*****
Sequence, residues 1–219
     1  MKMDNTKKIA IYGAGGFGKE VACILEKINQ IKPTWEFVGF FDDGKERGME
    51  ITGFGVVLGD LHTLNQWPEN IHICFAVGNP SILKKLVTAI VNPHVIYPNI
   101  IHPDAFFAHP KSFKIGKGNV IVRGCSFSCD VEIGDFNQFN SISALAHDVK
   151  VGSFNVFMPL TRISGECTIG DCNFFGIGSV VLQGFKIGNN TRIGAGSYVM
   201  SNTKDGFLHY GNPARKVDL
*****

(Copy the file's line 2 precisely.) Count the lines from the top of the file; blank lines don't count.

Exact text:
     1  MKMDNTKKIA IYGAGGFGKE VACILEKINQ IKPTWEFVGF FDDGKERGME